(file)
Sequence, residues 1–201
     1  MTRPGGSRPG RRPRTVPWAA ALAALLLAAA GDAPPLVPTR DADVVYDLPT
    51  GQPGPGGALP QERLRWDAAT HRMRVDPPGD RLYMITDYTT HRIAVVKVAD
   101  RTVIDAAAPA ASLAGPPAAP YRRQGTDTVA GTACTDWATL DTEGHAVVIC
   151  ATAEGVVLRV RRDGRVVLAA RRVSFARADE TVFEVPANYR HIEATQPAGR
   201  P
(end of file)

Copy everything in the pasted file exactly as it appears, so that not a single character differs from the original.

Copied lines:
Sequence, residues 1–201
     1  MTRPGGSRPG RRPRTVPWAA ALAALLLAAA GDAPPLVPTR DADVVYDLPT
    51  GQPGPGGALP QERLRWDAAT HRMRVDPPGD RLYMITDYTT HRIAVVKVAD
   101  RTVIDAAAPA ASLAGPPAAP YRRQGTDTVA GTACTDWATL DTEGHAVVIC
   151  ATAEGVVLRV RRDGRVVLAA RRVSFARADE TVFEVPANYR HIEATQPAGR
   201  P